(Presented at the ANZURA Conference in Mooloolaba QLD, October 2018)
Based on a presentation at the ANZURA Conference 2018, here is another attempt to build bridges between modern science and traditional religion, concentrating mostly on their differing approaches to knowledge. Science is fundamentally about more knowledge and its test for value is how well the knowledge works in the physical world. Religion is also a knowledge-seeking activity but more in the sense of an individual, internal “knowing” whose value lies more in its God-like and God-conscious qualities.
After working the science-religion problem for a while it eventually becomes clear that the points of difference are real and fundamental. They do not arise merely from people being difficult with each other. The knowledge-seeker who does the hard work of designing ever more demanding experiments will always be at odds with one who claims to “just know”. And the God-knower will always be disturbed when the knowledge-seeker demonstrates God-like powers apparently by peeking inside the universe’s box of tricks without permission.
Yet somehow The Urantia Book manages to cross routinely between the scientific, religious and philosophical viewpoints, treating them like islands with bridges between. Importantly there is not much attempt to dilute or transform these viewpoints, only to appreciate their usefulness and exercise the reader in using these bridges freely and frequently; to be aware of the style of thinking required at any moment and always be ready to move to an island where thinking is done that way. The hope seems to be that proficiency at making such crossings is a worthy accomplishment perhaps even contributing towards a truly advanced form of religion.
Inspired by this Urantia Book approach I would like to take an example from the quantum theories of modern science and make it an exercise to interpret a variety of religious and philosophical implications.
It will help to appreciate how very important the term “cosmic background” is to science whereby the usual starry-sky meaning of “cosmic” is also taken to imply a degree of order just as “chaotic” can imply disorder. This is the sense in which “Cosmos” was used as the title of Carl Sagan’s well-known television series and book.
With cosmos on its side, the operation of science is smooth and easy to describe. The universe operates according to rules.
These rules are reliable enough to permit observation and experiment in one time and place to be applicable in another time and place. Hence the knowledge builds up steadily into a semblance of understanding. And the proof of such understanding is an ever improving ability to deal with phenomena; those happenings which are observable and measurable. The word “background” quite nicely captures the idea that some workings of the universe are outside the reach of science: too big or too small, too fast or too slow, too far away, too subtle and so on. In other words those workings don’t quite qualify as phenomena and we just have to accept it for the time being. But the possibility that the universe might be too unreliable, that cosmos might fail, is completely outside of science, by definition.
It will also help to appreciate that the phenomena of science span a size range so vast that to approach the interesting quantum conditions at the point of cosmos failure is almost impossible.
In terms of size it is sometimes said of humans that we stand at the “centre of immensities” (origin of quote unknown). An individual human is smaller than the diameter of the known universe by the 25th power of ten and bigger than an electron by about the 15th power of ten. Something about 100 km across would be quite near the centre of the size range; about the size of the familiar space we live in and drive around in. Compared to the stars we are small but not inconsiderable. Compared to the atoms we are large but still capable of subtle observations, almost to the point at which matter becomes indefinite.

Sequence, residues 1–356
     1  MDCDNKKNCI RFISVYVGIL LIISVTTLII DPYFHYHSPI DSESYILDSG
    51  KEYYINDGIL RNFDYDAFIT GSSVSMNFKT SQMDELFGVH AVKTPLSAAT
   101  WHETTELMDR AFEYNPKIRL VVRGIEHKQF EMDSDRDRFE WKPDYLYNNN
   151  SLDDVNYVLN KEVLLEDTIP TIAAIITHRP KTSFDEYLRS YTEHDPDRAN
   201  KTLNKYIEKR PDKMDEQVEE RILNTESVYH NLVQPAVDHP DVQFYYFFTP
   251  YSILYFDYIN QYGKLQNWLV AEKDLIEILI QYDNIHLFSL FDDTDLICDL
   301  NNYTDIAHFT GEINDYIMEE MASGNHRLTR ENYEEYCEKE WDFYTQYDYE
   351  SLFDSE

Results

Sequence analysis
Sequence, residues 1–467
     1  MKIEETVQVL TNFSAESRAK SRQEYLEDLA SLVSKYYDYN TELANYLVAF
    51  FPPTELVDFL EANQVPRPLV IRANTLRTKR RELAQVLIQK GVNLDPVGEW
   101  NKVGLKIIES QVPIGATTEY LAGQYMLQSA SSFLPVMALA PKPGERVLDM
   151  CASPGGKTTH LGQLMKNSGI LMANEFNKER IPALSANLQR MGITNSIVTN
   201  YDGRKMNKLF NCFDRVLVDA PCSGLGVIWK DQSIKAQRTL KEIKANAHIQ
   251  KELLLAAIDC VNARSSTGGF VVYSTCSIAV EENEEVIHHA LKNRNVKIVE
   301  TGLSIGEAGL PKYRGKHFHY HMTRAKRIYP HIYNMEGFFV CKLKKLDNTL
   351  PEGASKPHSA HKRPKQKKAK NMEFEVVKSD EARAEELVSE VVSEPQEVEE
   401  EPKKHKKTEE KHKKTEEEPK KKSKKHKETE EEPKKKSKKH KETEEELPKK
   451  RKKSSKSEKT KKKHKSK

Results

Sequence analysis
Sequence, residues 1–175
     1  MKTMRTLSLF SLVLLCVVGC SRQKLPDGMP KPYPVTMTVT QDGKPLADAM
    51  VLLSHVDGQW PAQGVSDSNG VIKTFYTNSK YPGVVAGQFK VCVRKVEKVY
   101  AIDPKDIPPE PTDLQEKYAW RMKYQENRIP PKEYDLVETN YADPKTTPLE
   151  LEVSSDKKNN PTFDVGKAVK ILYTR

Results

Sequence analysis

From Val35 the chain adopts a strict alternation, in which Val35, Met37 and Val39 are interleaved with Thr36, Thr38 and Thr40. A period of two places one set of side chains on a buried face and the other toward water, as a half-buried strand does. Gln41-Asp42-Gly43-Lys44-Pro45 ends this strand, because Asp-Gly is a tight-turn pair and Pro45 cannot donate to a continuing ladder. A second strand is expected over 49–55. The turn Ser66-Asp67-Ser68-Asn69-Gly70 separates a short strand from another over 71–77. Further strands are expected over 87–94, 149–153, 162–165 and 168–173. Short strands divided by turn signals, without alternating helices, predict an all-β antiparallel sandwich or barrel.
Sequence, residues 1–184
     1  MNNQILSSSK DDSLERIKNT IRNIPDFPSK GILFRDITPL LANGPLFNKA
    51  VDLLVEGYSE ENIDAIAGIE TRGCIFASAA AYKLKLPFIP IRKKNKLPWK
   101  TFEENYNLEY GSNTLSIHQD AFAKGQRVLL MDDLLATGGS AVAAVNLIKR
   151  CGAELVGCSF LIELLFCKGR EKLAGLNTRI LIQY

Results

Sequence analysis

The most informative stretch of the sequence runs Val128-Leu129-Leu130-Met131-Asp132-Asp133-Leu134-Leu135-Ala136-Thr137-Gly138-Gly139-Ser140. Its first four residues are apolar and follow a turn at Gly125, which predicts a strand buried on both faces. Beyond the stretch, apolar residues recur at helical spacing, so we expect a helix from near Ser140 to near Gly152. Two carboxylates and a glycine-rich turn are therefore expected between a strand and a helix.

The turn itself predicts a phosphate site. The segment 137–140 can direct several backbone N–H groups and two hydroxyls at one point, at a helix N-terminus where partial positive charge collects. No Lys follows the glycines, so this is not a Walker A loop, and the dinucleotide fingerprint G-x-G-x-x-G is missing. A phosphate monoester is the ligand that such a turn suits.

Incidentally, Roger Penrose’s book, “The Large, The Small and The Human Mind”, asserts that consciousness as we know it also happens near the middle of the size scale.
Now with a grasp of how many orders of magnitude we must reach down, it comes as a pleasant surprise that use of a conventional microscope grants access to a wondrous world of living things and also to the spectacle of tiny particles like pollen grains being buffeted about by the molecules of their watery medium, an effect called “Brownian”, after its discovery by Robert Brown in 1827.
And Brownian motion is of particular interest because it is nearly an example of God playing dice with the universe and because it was the subject of some early work by Albert Einstein. Molecules are truly infinitesimal compared to pollen grains and only their immense speeds and definite trajectories make them effective. It was not possible to derive the grain motion from individual molecule motions so Einstein used a mathematical method called statistical mechanics. However the unsettling need for statistics in this case is only a mathematical necessity done with a lively expectation that the motion of all the molecules could be known in principle. Here it is only the humans who play dice and science is spared any humiliation.
It is remarkable how Albert Einstein had so many close encounters with the edge of science. His work on Brownian motion gave him real experience in unveiling strange-seeming statistical phenomena. Perhaps this helps to explain why his confidence in the cosmic background was so firm when presented with the irreducible strangeness of quantum phenomena.
A Quantum Mystery
The quantum mystery, in which order really does seem to break down, is illustrated dramatically in the famous “double-slit” thought experiment, bringing together in the mind as one what was actually a variety of separate experiments in the laboratory.
When a beam of light passes through a hole about as small as the wavelength of that light, it spreads out as if it came from a new little light source. And when there are two holes very close together the waves coming through one hole over-ride the waves coming through the other to make a pattern of lighter and darker regions which can be seen if the light is allowed to fall onto a wall or, even better, onto a photographic film, to make a permanent record. Double-slit is just another term for the two holes and the pattern is the evidence that light is made of waves.